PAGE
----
Police Probe Fresh Suspect In 'Last Throw Of The Dice' For Madeleine McCann Search
Police investigating the disappearance of Madeleine McCann have been given extra funding as they chase a specific person to interview, it emerged last night.
The person was near the area where Madeleine went missing from in the coastal resort of Praia da Luz, Portugal, in May 2007.
Policing Minister Brandon Lewis last night said: "I am pleased to be able to support the British police who are trying to get to the bottom of what happened to Madeleine McCann and give some kind of closure and justice to her family."
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A Home Office spokesman added: "Following an application from the Metropolitan Police for special grant funding, the Home Office has confirmed £85,000 in operational costs for Operation Grange for the period April 1 until September 2017.
"As with all applications, the resources required are reviewed regularly and careful consideration is given before any new funding is allocated."
Family spokesman Clarence Mitchell said: "Kate and Gerry remain incredibly grateful to the Home Office and the Met Police for the continued work into the search for their daughter.
"But, like the police, they will not be commenting on any operational details."
Senior officers see the development as the 'last throw of the dice' as total funding has now reached now £11.1 million, the Sun reported.
Kate and Gerry McCann pictured together. Credit: PA Images
In January, Madeleine McCann's parents lost a court appeal to silence a former police officer who claims they covered up their daughter's death.
Portuguese Supreme Court judges met in Lisbon this morning to resolve the couple's battle against a decision last April to reverse their 2015 libel win against Goncalo Amaral.
Gerry and Kate McCann could now face a huge legal bill, which had been frozen until the outcome of the final appeal.
The couple have been engaged in an eight-year fight over a book written by Amaral, who led the initial hunt when the then three-year-old vanished from their Algarve holiday apartment in May 2007.
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In 2015, a Lisbon court ordered Goncalo Amaral to pay Kate and Gerry €500,000 (£429,000) in compensation for the claims made in the book. However, last year, an appeals court overturned that conviction before reaching Portugal's top court.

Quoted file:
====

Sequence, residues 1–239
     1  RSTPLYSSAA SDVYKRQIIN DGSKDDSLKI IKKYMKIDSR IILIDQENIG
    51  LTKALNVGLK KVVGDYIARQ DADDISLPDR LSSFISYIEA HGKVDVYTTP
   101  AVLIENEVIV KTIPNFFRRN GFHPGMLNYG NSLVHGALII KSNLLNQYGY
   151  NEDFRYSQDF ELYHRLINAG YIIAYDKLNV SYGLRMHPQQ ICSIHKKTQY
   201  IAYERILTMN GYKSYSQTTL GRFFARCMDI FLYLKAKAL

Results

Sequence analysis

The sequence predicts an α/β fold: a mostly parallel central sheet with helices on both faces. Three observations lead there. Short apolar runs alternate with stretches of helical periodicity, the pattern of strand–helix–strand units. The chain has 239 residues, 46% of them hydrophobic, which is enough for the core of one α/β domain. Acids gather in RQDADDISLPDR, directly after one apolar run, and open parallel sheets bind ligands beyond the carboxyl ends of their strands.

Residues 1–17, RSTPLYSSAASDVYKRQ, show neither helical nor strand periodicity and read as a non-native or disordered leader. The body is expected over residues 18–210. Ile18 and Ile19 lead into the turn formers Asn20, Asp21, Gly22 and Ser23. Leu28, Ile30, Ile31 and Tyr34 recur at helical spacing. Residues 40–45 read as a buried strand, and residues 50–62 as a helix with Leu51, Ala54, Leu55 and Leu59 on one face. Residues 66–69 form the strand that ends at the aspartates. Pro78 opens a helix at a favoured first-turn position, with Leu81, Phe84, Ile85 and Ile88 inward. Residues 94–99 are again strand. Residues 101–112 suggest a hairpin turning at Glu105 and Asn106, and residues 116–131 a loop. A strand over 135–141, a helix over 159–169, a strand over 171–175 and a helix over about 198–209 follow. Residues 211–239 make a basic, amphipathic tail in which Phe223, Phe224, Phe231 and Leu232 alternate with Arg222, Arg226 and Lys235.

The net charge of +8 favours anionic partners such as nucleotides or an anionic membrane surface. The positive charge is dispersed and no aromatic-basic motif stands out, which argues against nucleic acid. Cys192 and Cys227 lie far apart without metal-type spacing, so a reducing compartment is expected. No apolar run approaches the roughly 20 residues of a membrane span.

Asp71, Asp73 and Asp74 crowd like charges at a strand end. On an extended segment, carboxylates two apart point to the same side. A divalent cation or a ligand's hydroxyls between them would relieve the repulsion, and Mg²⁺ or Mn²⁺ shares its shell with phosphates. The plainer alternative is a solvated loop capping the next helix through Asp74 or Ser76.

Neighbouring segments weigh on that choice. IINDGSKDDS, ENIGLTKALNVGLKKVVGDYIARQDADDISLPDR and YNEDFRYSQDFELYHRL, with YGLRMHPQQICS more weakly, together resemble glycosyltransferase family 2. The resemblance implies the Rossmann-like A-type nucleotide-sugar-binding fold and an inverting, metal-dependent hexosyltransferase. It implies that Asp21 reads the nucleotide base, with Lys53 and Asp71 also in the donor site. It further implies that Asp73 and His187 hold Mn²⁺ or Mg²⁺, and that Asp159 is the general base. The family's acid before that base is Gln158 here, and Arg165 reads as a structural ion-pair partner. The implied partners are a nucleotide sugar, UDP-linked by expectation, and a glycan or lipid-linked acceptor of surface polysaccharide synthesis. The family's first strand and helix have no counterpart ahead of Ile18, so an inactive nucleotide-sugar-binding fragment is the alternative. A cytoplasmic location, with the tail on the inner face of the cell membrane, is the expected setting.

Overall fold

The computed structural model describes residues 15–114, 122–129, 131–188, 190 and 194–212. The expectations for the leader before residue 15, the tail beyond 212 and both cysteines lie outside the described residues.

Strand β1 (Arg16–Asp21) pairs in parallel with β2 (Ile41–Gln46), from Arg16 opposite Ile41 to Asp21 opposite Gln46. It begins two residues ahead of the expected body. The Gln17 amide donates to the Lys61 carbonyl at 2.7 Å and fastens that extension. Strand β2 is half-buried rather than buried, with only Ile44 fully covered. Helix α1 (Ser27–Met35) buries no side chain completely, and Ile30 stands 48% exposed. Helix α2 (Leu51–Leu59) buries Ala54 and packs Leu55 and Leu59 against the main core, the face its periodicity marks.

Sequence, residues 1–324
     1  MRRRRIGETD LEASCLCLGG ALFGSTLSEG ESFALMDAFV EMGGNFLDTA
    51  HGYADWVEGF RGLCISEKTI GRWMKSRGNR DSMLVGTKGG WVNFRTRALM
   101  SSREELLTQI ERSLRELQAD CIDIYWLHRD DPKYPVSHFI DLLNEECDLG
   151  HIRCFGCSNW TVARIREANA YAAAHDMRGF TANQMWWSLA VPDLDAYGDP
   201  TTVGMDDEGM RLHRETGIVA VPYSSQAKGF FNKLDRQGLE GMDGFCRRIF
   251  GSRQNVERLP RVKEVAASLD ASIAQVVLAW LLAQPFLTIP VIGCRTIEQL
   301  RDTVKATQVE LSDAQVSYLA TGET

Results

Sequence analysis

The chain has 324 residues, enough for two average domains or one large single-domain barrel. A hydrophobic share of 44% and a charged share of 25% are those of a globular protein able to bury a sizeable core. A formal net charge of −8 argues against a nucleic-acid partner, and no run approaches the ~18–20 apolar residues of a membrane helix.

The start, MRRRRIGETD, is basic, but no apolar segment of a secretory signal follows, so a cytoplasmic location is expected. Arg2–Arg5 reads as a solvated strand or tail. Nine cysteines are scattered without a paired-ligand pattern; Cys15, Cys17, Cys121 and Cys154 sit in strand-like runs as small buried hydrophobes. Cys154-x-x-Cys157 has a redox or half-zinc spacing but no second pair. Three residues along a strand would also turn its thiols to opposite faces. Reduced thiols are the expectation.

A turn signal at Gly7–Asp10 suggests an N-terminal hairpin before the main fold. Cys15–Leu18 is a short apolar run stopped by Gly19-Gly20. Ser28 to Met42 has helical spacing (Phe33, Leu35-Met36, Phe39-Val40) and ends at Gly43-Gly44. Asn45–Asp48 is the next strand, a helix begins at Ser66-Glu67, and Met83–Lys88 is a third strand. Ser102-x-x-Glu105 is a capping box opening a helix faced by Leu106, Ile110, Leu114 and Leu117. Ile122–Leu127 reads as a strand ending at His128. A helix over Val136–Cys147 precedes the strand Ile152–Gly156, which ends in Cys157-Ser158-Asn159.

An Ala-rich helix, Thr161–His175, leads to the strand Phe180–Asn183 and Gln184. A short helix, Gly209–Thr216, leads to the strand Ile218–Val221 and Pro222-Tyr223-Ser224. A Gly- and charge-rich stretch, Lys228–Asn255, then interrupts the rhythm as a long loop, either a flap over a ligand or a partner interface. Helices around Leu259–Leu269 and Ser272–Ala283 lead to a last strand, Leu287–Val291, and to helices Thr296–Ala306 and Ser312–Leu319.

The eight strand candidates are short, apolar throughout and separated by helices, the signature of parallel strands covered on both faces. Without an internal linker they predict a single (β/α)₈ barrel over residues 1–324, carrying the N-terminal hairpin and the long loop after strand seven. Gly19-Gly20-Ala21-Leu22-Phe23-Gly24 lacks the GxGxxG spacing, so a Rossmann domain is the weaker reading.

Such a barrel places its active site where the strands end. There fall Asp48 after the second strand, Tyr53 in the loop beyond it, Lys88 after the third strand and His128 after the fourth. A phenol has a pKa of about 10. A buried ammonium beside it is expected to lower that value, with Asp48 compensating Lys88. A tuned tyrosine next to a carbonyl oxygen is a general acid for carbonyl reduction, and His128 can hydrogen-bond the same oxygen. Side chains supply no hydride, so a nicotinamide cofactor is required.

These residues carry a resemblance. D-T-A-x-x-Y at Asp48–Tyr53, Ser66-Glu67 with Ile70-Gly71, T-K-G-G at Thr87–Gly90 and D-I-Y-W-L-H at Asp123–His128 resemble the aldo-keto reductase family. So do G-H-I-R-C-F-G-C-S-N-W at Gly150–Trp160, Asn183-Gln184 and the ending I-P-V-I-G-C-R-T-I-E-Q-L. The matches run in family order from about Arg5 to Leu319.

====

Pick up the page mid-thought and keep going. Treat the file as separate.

The McCanns' Portuguese lawyer, Isabel Duarte, lodged the couple's new appeal last May after vowing to fight the U-turn by judges over Amaral's book.
Criticising the ruling in favour of the ex-police chief, Duarte said the ruling had left the couple 'seething'. She said: "This decision was an appreciation of the law and not the facts.
"We can appeal to the Supreme Court which we will do as we have instructions from our clients."
The book was published in 2008, three days after Portuguese police formally closed their inquiry into Madeleine's disappearance, clearing the McCanns of any wrongdoing.
Gerry and Kate McCann pictured in 2014. Credit: PA Images
Amaral is understood to have earned £344,000 from his book and a subsequent TV documentary before it was banned.
He claimed in the book that Maddie had died in their holiday flat and they had faked her abduction to cover up the tragedy.
Mr Amaral argued in his defence that the claims stemmed from the police investigation and that Portuguese media had already reported the possibility the parents may have played a role in Madeleine's disappearance.
More than £50,000 was raised in support for the detective, donated via a Go Fund Me page, after he was ordered to pay damages.
Police brought an end to all forensic investigations involved in the disappearance of Madeleine McCann in August last year, nine years after she went missing while on a family holiday in Portugal.
Police prepare to dig for Madeleine McCann in Algarve resort town back in 2014. Credit: Ruptly
The investigation, named Operation Grange, was set up by former Prime Minister David Cameron in 2011, costing £12 million, but has reportedly not helped the police move the investigation forward.
"The final forensics were carried out about three months ago but, sadly, they didn't take us forward," a source told the Mirror. "There are no plans for any further forensic work to take place."
The couple, from Rothley, Leicestershire, have spent nine years trying to locate their daughter, but all their attempts have been in vain.
"Until we have answers, until there is news, there will always be hope and we will do everything we can to help find Madeleine," the couple said.
Operation Grange was reportedly shelved due to the growing amount of money being paid by taxpayers towards it and because other areas of the police force were facing budget cuts.
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